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Ex 33:1-23. THE LORD REFUSES TO GO WITH THE PEOPLE.
1. the Lord said--rather "had" said unto Moses. The conference detailed in this chapter must be considered as having occurred prior to the pathetic intercession of Moses, recorded at the close of the preceding chapter; and the historian, having mentioned the fact of his earnest and painful anxiety, under the overwhelming pressure of which he poured forth that intercessory prayer for his apostate countrymen, now enters on a detailed account of the circumstances.
3. I will not go up . . . lest I consume thee--Here the Lord is represented as determined to do what He afterwards did not. (See on Ex 32:7).
4. when the people heard these evil tidings--from Moses on his descent from the mount.
5. put off thy ornaments--In seasons of mourning, it is
customary with Eastern people to lay aside all gewgaws and divest
themselves of their jewels, their gold, and every thing rich and
splendid in their dress. This token of their sorrow the Lord required
of His offending people.
7. Moses took the tabernacle, and pitched it without the camp--Not the tabernacle, of which a pattern had been given him, for it was not yet erected, but his own tent--conspicuous as that of the leader--in a part of which he heard cases and communed with God about the people's interests; hence called "the tabernacle of the congregation," and the withdrawal of which, in abhorrence from a polluted camp, was regarded as the first step in the total abandonment with which God had threatened them.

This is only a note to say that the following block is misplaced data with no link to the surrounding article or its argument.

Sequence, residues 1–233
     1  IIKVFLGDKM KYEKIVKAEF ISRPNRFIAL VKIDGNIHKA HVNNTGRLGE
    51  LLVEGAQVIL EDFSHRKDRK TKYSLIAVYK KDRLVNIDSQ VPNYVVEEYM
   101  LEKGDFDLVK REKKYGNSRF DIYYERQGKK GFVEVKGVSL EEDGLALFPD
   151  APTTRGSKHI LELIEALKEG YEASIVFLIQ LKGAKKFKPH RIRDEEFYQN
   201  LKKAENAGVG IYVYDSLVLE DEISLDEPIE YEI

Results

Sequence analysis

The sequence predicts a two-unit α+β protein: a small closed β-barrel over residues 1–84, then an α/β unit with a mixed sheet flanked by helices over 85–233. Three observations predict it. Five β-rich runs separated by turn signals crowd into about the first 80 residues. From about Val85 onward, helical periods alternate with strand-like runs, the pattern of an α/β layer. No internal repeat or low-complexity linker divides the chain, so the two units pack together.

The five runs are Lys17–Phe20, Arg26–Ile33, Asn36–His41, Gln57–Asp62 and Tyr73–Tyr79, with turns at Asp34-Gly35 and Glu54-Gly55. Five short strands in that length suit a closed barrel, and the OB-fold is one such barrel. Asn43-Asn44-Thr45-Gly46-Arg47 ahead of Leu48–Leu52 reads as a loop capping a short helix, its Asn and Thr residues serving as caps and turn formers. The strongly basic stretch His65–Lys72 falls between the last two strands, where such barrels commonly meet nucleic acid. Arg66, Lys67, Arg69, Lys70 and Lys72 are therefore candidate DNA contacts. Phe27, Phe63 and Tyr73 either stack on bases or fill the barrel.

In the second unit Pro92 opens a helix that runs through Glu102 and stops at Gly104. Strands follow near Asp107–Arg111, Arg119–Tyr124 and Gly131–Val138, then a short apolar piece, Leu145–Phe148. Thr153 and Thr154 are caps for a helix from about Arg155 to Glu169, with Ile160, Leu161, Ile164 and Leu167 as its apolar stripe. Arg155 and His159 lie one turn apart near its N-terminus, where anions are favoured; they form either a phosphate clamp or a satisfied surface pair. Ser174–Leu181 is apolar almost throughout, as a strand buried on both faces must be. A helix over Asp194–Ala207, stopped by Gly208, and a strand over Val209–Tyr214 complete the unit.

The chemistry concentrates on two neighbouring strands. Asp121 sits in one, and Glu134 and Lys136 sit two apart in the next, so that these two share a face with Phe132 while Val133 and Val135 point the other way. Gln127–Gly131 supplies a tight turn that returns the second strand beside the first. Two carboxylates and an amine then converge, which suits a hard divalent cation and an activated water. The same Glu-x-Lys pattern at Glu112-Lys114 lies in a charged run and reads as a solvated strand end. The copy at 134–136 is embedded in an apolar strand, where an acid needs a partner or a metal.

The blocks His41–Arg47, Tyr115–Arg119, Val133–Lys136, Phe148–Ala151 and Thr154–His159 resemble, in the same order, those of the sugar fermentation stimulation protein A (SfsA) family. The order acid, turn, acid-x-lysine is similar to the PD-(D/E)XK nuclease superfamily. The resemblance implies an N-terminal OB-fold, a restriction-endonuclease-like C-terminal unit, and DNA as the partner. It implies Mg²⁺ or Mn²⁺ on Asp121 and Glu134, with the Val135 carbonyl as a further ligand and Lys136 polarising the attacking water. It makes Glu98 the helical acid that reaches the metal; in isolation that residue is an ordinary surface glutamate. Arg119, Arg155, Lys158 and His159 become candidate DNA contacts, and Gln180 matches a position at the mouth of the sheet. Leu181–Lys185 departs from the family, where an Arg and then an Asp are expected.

8. all the people rose up, and stood every man at his tent door--Its removal produced deep and universal consternation; and it is easy to conceive how anxiously all eyes would be directed towards it; how rapidly the happy intelligence would spread, when a phenomenon was witnessed from which an encouraging hope could be founded.
9-11. the cloudy pillar descended, and stood at the door of the
tabernacle--How would the downcast hearts of the people revive--how
would the tide of joy swell in every bosom, when the symbolic cloud was
seen slowly and majestically to descend and stand at the entrance of
18-23. I beseech thee, show me thy glory--This is one of the most mysterious scenes described in the Bible: he had, for his comfort and encouragement, a splendid and full display of the divine majesty, not in its unveiled effulgence, but as far as the weakness of humanity would admit. The face, hand, back parts, are to be understood figuratively.